grumpypantsGrumpy Pants by Claire Messer: “I’m grumpy,” declares a little penguin, and it tries a number of solutions to improve its condition, finally stripping off its clothes piece by piece and diving into a nice cold bath. Children (and adults, too!) might find that a bath, clean clothes, and a cup of cocoa are just the thing to soothe a grumpy mood.

stillstuckStill Stuck by Shinsuke Yoshitake: You’re getting undressed and your shirt gets stuck over your head – it’s happened to everyone, right? It happens to this kid, who definitely does not want assistance from Mom, and decides to accept their new state. In their imagination, they spin out what life will be like with a shirt over their head. Despite the kid’s adaptability (or resignation), Mom does swoop in to move the bedtime process along, but there’s another snag when it’s time to put on pajamas.

mightbelobstersThere Might Be Lobsters by Carolyn Crimi, illustrated by Laurel Molk: Poor little Sukie is afraid of everything at the beach, but when beloved toy Chunka Munka is swept out to see, Sukie must find her courage. This is an excellent read-aloud for summer storytimes for all ages – get kids to repeat the titular refrain together –  and if you happen to have props with you for this read-aloud (a stuffed lobster, say, or a beach ball) all the better.

Cover image of The Oboe Goes Boom Boom BoomThe Oboe Goes BOOM BOOM BOOM by Colleen AF Venable, illustrated by Lian Cho: A band director introduces instruments one by one, but little Felicity just can’t wait to bang on the drums and keeps interrupting – until she’s blown away by the sound of the tuba. There’s actually quite a lot of information in here about different instruments, and the way that Cho translates sound into a visual medium is outstanding.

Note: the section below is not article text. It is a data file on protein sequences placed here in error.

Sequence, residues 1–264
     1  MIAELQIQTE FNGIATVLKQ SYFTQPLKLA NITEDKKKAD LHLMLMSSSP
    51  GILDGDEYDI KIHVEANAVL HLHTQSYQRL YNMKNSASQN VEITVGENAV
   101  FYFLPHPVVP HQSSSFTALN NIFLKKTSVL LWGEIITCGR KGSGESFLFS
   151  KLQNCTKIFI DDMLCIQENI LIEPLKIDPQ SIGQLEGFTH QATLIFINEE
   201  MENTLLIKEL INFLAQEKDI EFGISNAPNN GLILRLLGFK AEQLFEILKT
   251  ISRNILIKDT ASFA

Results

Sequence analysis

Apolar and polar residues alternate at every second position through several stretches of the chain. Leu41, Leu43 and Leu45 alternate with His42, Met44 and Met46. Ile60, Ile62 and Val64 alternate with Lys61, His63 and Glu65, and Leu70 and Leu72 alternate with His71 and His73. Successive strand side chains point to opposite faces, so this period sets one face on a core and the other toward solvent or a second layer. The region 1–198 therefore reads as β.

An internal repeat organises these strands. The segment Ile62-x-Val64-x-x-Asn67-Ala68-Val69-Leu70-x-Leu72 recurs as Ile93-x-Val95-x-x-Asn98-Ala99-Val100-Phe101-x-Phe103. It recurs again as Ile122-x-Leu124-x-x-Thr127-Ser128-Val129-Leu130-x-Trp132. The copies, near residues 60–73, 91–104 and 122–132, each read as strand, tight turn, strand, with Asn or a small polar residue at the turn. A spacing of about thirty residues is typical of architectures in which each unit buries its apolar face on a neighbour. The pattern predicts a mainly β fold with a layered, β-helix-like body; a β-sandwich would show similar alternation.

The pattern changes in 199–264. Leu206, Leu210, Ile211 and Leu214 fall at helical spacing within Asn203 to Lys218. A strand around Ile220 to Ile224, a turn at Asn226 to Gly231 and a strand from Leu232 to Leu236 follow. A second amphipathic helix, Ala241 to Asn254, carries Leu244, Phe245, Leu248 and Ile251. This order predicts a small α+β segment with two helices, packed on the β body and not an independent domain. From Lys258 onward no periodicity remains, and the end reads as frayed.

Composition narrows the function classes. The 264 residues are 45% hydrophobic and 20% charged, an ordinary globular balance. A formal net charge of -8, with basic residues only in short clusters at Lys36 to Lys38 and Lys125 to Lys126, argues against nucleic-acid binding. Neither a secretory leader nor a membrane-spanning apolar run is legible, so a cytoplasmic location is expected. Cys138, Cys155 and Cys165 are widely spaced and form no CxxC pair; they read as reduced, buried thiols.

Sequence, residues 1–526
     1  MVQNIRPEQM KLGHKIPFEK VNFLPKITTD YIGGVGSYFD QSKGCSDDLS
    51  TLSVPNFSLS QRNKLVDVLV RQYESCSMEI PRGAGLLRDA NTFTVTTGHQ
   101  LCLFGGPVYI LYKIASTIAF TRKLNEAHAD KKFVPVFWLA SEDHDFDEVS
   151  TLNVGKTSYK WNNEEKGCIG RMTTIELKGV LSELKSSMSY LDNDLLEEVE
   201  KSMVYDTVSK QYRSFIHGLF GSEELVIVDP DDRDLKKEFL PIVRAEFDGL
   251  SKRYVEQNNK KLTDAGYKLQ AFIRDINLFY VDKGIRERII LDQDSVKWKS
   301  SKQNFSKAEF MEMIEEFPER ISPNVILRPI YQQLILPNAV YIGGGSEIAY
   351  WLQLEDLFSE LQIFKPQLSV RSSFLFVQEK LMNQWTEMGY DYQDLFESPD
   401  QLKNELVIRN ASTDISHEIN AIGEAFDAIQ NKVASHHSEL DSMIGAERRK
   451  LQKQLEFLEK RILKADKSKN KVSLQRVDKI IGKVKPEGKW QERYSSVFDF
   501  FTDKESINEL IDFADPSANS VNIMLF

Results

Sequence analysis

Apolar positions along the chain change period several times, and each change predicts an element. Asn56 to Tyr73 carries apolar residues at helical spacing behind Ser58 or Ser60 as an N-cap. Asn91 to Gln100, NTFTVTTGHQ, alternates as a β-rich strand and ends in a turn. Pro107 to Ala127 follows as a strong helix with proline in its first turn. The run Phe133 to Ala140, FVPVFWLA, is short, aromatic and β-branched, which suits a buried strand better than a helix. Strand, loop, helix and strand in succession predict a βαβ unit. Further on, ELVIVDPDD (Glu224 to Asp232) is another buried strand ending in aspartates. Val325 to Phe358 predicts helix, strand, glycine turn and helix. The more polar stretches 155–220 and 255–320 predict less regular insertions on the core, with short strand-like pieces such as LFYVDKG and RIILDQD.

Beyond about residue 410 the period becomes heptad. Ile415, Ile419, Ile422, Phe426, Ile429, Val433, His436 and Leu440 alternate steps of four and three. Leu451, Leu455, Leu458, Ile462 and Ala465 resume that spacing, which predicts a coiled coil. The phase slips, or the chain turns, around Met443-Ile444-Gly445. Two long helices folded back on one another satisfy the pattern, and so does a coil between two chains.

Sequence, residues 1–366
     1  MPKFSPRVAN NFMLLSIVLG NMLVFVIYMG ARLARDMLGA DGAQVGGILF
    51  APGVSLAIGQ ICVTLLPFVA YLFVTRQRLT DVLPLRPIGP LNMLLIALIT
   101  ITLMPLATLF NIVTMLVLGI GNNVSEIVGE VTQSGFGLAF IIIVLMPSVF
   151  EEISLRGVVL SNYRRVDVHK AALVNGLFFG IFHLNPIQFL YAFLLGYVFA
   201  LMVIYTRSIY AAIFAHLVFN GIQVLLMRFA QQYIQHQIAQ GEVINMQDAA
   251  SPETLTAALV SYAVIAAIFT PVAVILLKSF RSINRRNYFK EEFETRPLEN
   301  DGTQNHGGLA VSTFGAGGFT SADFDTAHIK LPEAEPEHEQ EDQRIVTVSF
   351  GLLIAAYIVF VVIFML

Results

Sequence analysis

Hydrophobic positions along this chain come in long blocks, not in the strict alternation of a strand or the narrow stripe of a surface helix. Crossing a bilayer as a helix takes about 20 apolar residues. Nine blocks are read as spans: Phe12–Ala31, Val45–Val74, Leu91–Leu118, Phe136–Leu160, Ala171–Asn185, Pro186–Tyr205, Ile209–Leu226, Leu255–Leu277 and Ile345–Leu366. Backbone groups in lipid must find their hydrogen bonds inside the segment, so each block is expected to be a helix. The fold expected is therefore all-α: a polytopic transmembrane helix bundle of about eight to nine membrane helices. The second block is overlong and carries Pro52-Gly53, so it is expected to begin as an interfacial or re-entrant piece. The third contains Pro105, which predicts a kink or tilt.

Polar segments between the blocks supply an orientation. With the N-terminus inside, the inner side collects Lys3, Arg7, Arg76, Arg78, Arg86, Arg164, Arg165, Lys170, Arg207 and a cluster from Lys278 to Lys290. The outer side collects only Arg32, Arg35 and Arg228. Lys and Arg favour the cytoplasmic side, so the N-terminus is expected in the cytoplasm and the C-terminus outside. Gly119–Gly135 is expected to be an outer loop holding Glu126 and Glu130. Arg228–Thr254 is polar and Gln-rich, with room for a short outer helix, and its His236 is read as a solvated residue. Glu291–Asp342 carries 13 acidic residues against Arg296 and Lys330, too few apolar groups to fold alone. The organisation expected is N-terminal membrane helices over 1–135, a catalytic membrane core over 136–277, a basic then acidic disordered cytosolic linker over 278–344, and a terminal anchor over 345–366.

notapenguinI Am Not A Penguin: A Pangolin’s Lament by Liz Wong: A poor pangolin wants to give a presentation, keeping its cool while confused audience members interrupt, until a penguin arrives to steal the show. One little girl remains for the pangolin’s informative presentation. (See also: The Angry Little Puffin by Timothy Young, which taught me permanently that penguins live “at the bottom of the world” (i.e. Antarctica) while puffins live “at the top of the world.”)

kingbabyKing Baby by Kate Beaton might be funnier for adults than for kids, but kids enjoy it too; it’s one of my go-to recommendations for families who are about to add a sibling. And let’s not forget Beaton’s other picture book, the crowd-pleasing The Princess and the Pony (pony farts feature prominently).

bathethecatBathe the Cat by Alice B. McGinty and David Roberts: A cat who definitely does not want a bath scrambles up a family’s to-do list as they rush to tidy before grandma arrives. Clever use of fridge magnet alphabet letters, plenty of pride, and increasingly ridiculous tasks all add to the joyful hilarity.

wedonteatourclassmatesWe Don’t Eat Our Classmates by Ryan T. Higgins: Pink, overalls-wearing Penelope is nervous about the first day of school, and indeed, it doesn’t go as well as she’d hoped…she discovers that it’s hard to make friends when everyone is afraid you’ll eat them. Penelope learns to exercise self-control with the help of Mrs. Noodleman and a fearless goldfish named Walter.

Finally, every kid I know would insist that The Book With No Pictures by B.J. Novak be included on any list of funny picture books, and they’re right. BLURP.

What are your favorite funny picture books?

How middle grade has changed (in) a generation